But the prime minister is the more commanding of the two, and one mention of “ten years ago” sends the king into a traumatic memory: riots at the palace, mayhem, murders. Prime Minister Kim guesses that the king still suffers insomnia and advises that he trust his judgment.
Outside the door, a disheveled Yeong is back from his pit adventure and overhears the conversation, which seems to anger him. He walks off without waiting to speak to his father.
As Ra-on walks through town with Yoon-sung, he asks if she thought “that” would be enough to disguise her identity. He looks her up and down, indicating her men’s clothing. Sharp eyes, this one.
Ra-on admits that since he’s caught on, she won’t lie about it, and thanks him for helping her. Yoon-sung figures her crime didn’t seem that terrible, but wonders if she’ll be able to handle being recognized by others. She doesn’t answer, and just bids him farewell as she heads off in the other direction.
As soon as she turns, she’s seized from behind and dragged off. When Yoon-sung turns back to say one last thing, he finds her gone.
Ra-on is taken by the three loan sharks, who succeed in forcing her thumbprint signature on a contract of some sort. The ringleader assures her that where she’s going is better than where she could be going, which is no consolation at all.
They deliver her to a building and shut her inside with a beady-eyed, red-nosed man sharpening his many knives. She asks where she is, and he informs her in a drunken slur that this is where men get turned into eunuchs. Eek! I mean, she’s in no danger on that score, but I’m not sure that exposing her true gender does much for her survival odds right about now.
The man approaches with his blade in hand, and Ra-on backs away in horror, insisting that she absolutely cannot be made a eunuch. She drops to the floor to beg for mercy: “Milord! No, Teacher! Your Highness!”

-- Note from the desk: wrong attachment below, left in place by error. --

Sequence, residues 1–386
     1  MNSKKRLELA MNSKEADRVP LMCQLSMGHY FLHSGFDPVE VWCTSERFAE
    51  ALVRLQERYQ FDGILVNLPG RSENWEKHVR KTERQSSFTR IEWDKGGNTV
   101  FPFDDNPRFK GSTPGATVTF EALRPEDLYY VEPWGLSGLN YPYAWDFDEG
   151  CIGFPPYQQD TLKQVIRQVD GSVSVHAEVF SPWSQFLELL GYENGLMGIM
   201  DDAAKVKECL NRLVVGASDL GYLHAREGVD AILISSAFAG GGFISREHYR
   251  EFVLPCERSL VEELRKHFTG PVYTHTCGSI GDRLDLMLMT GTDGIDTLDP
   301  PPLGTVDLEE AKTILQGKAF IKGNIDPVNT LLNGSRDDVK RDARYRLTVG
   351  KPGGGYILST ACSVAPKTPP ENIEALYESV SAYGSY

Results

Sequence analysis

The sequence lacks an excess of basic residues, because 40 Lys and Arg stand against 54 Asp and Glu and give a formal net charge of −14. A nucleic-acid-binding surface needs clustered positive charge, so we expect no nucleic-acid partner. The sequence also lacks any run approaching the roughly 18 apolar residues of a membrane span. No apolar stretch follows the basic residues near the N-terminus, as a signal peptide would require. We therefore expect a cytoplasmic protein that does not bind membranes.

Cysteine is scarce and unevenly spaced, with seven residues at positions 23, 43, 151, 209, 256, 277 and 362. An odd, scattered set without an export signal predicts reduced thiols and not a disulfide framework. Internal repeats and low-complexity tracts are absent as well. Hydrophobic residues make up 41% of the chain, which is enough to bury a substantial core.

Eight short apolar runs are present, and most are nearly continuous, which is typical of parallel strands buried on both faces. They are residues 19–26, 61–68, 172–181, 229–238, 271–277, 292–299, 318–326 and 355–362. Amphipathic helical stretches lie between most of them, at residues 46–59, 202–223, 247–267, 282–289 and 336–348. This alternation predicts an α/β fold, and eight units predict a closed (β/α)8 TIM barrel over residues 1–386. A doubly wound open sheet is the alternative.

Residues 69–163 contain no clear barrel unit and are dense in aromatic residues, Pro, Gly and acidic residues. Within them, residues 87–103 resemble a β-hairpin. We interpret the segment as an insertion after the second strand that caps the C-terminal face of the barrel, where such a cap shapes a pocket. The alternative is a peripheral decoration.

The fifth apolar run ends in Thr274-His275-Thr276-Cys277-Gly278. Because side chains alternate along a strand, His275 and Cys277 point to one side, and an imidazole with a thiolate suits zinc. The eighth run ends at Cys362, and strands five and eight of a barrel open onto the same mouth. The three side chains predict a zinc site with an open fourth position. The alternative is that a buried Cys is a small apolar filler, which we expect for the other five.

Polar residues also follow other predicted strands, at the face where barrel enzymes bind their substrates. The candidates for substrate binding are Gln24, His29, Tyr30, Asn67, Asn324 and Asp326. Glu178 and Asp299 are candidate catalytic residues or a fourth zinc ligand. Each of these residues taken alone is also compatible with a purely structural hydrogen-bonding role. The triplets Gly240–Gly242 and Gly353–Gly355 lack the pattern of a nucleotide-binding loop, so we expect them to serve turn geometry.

Then the man cackles, “Did I say I was doing it now?” He informs her that she’ll need to fast for three days before the procedure, and Ra-on mutters to herself that there’s no point when she doesn’t even have “it.”
The knife-wielder overhears and wonders, “What don’t you have?”
At the palace, Princess Myeongeun deflates to hear that another day has passed with no message from her sweetheart. Yeong watches his sister fall down in dismay, feeling pity for her.
Tied up and about to be unmanned (…sort of), Ra-on blubbers in fear, while the knife-master advises her to buck up—it’s either become a eunuch or face death anyway. Ra-on supposes that at least she had the good fortune to be at the hands of the best technician in the land, and a glint in her eye lets us know she’s Up To Something.
The knife-master puffs up at the praise and pours himself another drink as he brags about how good he is at this job. Ra-on pours on the flattery and prods for more stories of his prowess, and he doesn’t even notice when she works free of the ropes, since she’s busy plying him with drinks.
It’s late into the night when he picks up his knife to finally get down to business. Slice! Ra-on screams.
In the morning, the knife-master wakes up to find bloody rags everywhere, and he freaks out, thinking he’s accidentally killed her.
He’s therefore relieved to find her sleeping in the next room, and nervously pretends he remembers everything from last night. Ra-on looks genuinely pained and her clothes are soaked in blood, but she praises the man for doing a neat job of it.
Meanwhile, her father waits for her to return to the traveling performers’ troupe. Despite insisting he wanted her gone, he has to be prodded to leave. Aww.
Once alone, Ra-on tends to her wounds—it turns out the blood was all her own, the wound inflicted upon her leg. She bandages up the bloody gash, and thinks back to an instance in her childhood when she’d dressed in a fine hanbok and used her mother’s cosmetics. Her mother had been alarmed and reminded her that she was to live as a boy, slapping her across the face and ordering her to take off the dress.
As Ra-on binds her chest, her thoughts turn to her troupe father who’d said he’d be happy if she never returned, and how he’d asked, “You know what that means, don’t you?” Hm, does that mean he wanted her to live as herself? Ra-on cries, saying that her father must be glad at the thought that she’d finally run off.
At the palace, a heartbroken Princess Myeongeun refuses food and vows bloodthirsty revenge one moment, then worries that her sweetheart might have fallen ill the next. With a sigh, Yeong enters and tosses a book down, its pages full of drawings of faces. He tells Myeongeun that he’ll explain what it is if she eats, and she complies out of curiosity.